Academic Editor: Michael Dandel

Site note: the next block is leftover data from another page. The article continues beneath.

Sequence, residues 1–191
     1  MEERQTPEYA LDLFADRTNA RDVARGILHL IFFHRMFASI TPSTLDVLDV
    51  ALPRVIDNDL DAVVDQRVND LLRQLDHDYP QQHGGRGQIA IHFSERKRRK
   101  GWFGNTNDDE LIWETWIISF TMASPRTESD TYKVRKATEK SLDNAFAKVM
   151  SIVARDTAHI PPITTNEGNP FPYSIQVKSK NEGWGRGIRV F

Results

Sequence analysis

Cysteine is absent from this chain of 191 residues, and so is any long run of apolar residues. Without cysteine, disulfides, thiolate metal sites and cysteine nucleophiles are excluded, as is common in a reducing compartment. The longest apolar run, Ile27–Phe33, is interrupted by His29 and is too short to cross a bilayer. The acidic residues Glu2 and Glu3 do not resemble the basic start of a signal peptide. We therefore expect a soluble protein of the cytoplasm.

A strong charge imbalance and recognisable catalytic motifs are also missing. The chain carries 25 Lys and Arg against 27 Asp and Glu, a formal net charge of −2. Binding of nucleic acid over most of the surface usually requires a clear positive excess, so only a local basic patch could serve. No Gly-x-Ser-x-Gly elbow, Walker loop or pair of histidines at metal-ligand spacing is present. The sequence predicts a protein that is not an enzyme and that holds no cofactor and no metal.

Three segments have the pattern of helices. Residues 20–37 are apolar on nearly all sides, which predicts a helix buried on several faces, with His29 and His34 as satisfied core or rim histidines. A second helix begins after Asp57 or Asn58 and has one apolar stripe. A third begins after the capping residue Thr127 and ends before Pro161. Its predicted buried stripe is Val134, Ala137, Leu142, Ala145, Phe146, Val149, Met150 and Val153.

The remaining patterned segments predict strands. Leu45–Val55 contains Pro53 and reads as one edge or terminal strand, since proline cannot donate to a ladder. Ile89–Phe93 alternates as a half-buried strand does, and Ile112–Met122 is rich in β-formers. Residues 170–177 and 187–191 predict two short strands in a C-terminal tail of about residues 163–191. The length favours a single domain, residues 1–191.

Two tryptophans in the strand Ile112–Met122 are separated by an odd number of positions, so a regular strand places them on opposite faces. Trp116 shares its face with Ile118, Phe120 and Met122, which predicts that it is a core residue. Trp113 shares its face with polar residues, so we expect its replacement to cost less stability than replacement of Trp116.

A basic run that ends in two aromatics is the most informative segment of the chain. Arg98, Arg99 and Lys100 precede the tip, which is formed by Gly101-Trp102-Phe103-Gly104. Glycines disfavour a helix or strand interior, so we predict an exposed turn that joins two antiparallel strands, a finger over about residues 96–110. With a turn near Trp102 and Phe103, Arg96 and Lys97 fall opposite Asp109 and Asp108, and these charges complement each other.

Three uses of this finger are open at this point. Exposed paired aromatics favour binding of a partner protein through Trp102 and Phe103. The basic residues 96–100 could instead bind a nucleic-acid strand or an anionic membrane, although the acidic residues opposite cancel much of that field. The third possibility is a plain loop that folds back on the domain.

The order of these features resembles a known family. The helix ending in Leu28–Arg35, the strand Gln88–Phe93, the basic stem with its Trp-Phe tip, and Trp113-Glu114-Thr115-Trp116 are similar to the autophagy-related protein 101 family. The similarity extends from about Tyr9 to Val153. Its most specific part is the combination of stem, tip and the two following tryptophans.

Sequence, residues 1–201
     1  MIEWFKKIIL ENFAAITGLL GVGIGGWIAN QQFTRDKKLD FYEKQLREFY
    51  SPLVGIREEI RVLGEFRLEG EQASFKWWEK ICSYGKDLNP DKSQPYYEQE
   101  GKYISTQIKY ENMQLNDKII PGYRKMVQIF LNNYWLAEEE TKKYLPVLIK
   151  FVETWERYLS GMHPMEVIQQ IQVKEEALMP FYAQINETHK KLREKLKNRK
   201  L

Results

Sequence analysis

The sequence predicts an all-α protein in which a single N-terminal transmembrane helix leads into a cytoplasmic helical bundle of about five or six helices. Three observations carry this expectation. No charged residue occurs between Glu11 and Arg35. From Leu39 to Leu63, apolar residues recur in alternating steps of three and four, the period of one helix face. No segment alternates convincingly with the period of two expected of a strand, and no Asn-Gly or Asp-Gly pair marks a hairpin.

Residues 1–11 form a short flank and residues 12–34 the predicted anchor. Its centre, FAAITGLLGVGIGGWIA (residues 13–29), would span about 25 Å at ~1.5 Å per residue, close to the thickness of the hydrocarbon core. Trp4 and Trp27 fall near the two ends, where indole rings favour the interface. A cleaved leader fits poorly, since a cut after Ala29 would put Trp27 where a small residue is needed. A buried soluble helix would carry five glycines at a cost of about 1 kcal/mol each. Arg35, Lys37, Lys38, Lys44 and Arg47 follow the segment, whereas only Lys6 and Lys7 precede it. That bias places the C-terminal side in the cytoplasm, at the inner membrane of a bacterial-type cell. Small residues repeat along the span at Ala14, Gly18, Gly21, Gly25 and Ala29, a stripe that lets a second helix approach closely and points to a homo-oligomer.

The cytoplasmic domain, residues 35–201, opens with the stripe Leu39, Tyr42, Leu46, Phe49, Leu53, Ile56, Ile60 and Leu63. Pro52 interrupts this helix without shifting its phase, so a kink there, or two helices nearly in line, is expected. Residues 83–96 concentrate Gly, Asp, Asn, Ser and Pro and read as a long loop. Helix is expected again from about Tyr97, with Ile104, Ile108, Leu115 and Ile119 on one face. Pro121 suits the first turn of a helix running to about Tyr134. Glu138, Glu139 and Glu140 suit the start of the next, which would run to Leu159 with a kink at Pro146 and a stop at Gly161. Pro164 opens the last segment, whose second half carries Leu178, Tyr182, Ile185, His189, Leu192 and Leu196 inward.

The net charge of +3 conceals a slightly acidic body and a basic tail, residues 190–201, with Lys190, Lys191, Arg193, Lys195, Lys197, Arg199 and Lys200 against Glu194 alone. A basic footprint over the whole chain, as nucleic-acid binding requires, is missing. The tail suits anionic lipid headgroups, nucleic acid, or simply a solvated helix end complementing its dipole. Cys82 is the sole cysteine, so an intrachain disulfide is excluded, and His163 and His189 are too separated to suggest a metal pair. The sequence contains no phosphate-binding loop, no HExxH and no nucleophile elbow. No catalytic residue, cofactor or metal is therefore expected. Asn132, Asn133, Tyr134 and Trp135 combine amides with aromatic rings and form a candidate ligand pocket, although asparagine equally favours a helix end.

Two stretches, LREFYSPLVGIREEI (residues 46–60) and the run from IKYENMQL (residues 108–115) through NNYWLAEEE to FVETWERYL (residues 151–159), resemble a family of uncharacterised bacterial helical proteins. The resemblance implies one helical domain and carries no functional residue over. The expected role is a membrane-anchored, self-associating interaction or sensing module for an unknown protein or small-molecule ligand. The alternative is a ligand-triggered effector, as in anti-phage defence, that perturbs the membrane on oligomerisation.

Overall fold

Heart transplant remains the criterion standard treatment for patients in end-stage heart failure. Improvement in the post-heart transplant outcomes in the last decade has contributed to increased demand for organs. Worldwide each year, more than 5000 heart transplants are performed and 50,000 people become candidates for heart transplant. In the last 50 years, there have been several attempts to expand donor criteria to increase the donor pool. Despite making hepatitis C virus, opioid overdose death, old age allowable and changing the allocation system, the gap between supply and demand is widening and unfortunately, thousands die every year waiting due to the critical shortage of organs. New technologies for heart donation after circulatory death have emerged, particularly normothermic regional organ perfusion and ex-vivo heart perfusion using organ care systems. However, these technologies still do not fill the gap. Continuous advancements in areas such as regenerative medicine and xenotransplantation, among others, are needed to overcome the shortage of heart donors for heart transplantation.